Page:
The Legend behind I am Legend

In 7th grade (1973) I was moved out of the regular English class and essentially given to the school librarian.  It wasn’t a punishment…I was just a book nut at thirteen and I was in a school where most of the other kids (and a lot of the teachers, as far as I could tell) thought books and reading were about as much fun as being nibbled on by rats.  Or maybe the librarian needed an Igor.  Hard to say. 

She turned out to be the secretary for a couple of groups of professional writers, and once I got permission from my parents to accompany her, she dragged me along to their monthly get-togethers.  They definitely needed an Igor, and so once a month for the next few years I made coffee, fetched beers, and hustled chips and dip for guys like Sprague De Camp, Lin Carter, John Jakes, Isaac Asimov, Arthur C. Clarke, and a bunch of others.

And though all of those writers were (and in some cases still are) literary powerhouses, two of them took some time to sit me down and tell me about how stories are created and crafted.  And each of them gave me signed copies of their books.  I’m delighted that both of them are still alive and well today: Richard Matheson and Ray Bradbury. I was incredibly fortunate in that as a young teenager I got to meet them, and both of these great writers took some time to talk with me about writing, about imagination, and about thinking outside the box.  I’m not joking when I say that it was life-changing.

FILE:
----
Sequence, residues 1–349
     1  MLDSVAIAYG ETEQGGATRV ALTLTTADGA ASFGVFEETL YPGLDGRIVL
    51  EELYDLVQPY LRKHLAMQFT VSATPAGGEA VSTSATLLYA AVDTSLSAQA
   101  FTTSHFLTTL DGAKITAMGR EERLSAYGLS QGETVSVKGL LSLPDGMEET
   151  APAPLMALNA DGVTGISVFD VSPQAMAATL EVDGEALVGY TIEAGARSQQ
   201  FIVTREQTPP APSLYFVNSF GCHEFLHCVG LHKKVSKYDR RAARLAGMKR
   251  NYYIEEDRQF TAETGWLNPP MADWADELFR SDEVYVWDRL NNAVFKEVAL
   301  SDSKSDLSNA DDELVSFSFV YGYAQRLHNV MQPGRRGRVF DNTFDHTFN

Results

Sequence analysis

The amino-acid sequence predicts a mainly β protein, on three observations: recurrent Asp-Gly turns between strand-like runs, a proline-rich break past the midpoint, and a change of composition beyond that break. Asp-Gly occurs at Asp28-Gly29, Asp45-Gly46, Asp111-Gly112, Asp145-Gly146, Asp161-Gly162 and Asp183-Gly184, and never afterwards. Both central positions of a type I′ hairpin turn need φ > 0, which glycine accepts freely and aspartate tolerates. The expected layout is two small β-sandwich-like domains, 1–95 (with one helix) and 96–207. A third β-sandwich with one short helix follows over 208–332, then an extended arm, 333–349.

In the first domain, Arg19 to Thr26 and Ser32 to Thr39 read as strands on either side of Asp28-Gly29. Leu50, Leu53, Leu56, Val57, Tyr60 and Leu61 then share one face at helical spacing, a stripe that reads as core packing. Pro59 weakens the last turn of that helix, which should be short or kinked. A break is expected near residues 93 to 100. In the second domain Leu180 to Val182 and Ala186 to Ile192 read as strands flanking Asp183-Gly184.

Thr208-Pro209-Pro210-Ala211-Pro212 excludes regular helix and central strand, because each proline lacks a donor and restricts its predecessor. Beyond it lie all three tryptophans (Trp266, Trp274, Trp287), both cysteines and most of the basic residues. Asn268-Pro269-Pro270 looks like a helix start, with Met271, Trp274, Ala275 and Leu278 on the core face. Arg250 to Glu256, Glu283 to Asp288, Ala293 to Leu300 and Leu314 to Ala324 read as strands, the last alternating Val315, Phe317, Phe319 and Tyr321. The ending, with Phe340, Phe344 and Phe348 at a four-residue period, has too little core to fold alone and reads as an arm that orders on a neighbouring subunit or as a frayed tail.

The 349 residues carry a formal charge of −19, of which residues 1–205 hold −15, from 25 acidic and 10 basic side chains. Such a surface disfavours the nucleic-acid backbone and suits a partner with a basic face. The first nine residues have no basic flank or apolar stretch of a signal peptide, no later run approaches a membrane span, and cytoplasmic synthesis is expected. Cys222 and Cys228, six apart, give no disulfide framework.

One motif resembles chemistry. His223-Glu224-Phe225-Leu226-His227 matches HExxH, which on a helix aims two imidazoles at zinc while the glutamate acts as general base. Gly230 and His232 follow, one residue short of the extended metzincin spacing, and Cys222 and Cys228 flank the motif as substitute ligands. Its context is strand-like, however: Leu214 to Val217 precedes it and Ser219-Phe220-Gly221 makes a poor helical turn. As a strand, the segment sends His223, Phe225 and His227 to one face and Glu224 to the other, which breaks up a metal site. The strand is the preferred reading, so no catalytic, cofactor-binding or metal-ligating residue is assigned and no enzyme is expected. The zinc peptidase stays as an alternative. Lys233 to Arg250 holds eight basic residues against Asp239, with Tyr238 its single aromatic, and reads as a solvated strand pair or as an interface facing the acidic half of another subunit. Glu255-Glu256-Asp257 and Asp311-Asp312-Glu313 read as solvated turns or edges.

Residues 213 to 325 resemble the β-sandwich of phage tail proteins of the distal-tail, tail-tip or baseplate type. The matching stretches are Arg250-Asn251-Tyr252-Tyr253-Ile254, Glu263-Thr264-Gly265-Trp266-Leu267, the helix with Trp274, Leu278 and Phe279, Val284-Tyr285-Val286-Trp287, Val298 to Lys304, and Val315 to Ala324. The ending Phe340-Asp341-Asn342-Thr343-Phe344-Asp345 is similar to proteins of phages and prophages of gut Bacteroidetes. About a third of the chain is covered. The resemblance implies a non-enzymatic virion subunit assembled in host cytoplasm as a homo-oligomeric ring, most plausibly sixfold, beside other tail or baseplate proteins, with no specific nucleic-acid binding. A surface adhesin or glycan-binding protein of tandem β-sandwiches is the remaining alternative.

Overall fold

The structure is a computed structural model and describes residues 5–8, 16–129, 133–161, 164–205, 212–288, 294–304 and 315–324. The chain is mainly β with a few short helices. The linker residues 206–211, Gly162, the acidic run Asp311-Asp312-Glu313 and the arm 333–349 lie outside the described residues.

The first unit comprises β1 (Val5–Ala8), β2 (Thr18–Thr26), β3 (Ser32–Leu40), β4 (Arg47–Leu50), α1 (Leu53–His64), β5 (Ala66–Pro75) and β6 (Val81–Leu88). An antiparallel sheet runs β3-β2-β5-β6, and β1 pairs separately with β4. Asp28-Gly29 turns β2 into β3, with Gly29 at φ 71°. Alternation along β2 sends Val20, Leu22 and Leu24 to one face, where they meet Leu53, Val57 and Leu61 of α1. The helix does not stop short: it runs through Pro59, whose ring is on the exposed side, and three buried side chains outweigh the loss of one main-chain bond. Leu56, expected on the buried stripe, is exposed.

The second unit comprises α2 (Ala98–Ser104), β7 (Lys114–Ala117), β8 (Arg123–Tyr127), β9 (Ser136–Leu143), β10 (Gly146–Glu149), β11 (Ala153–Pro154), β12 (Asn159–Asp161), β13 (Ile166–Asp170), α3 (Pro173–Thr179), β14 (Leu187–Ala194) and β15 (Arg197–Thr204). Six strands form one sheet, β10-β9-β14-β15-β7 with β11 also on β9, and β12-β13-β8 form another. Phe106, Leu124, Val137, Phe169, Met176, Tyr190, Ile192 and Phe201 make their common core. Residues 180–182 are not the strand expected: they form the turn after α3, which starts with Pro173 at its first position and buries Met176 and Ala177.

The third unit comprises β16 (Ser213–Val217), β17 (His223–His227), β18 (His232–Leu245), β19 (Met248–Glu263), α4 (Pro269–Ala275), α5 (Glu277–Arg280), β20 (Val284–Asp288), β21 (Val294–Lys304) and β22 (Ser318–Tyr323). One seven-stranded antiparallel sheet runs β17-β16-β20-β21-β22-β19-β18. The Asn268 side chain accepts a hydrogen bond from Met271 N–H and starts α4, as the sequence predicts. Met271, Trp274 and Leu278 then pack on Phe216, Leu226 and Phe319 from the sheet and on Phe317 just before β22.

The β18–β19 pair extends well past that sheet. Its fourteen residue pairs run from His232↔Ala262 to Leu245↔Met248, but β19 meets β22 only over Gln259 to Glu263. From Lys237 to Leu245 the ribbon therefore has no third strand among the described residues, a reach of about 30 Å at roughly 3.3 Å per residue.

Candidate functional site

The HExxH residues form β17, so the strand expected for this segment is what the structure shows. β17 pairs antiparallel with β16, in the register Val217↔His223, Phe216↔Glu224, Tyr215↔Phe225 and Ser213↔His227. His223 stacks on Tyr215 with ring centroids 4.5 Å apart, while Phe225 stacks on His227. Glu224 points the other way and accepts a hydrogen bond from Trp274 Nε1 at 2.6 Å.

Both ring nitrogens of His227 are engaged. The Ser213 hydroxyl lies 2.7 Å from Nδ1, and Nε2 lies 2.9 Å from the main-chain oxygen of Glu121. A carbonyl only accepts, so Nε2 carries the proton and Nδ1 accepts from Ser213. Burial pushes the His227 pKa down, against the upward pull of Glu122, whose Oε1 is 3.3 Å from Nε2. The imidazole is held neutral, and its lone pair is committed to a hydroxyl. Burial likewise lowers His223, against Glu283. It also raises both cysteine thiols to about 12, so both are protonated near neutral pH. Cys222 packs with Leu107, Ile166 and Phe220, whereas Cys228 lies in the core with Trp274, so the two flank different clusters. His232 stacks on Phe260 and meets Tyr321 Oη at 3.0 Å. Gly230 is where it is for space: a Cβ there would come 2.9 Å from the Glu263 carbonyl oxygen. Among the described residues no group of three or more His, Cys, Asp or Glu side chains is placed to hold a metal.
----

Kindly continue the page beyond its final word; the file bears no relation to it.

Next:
Bradbury gave me a signed copy of Something Wicked This Way Comes.  The one he gave me is put away, but I read a copy of that book every year on Halloween. 

Matheson rocked my world when he gave me a copy of I Am Legend when I was fourteen.  He told me to read that one and The Shrinking Man.  These books were my introduction to allegory, social commentary, and the subtle underpinnings that make genre fiction so much more than most people give it credit for.  I Am Legend, though a very short novel, opened my mind up and truly showed me what thinking outside the box meant.

I wonder if the new Will Smith film interpretation will do it justice?

To catch the I Am Legend trailer, click here: http://iamlegend.warnerbros.com/

  

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One Response to “The Legend behind I am Legend”

  1. Harry David Candela Says:

    Perhaps “I Am Legend” is being kept out of China because the Chinese Communist Party is still ashamed of the corruption that caused their own public health failures during the SARS and Bird Flu epidemics, or maybe a communist official wants a bribe today. You do not think that it is racism, do you? When considering movies, the copywrite infringement that goes on in China, and the trade imbalance made possible by agreed upon treaties, I do not believe that relitively much money would flow out of China in this case.

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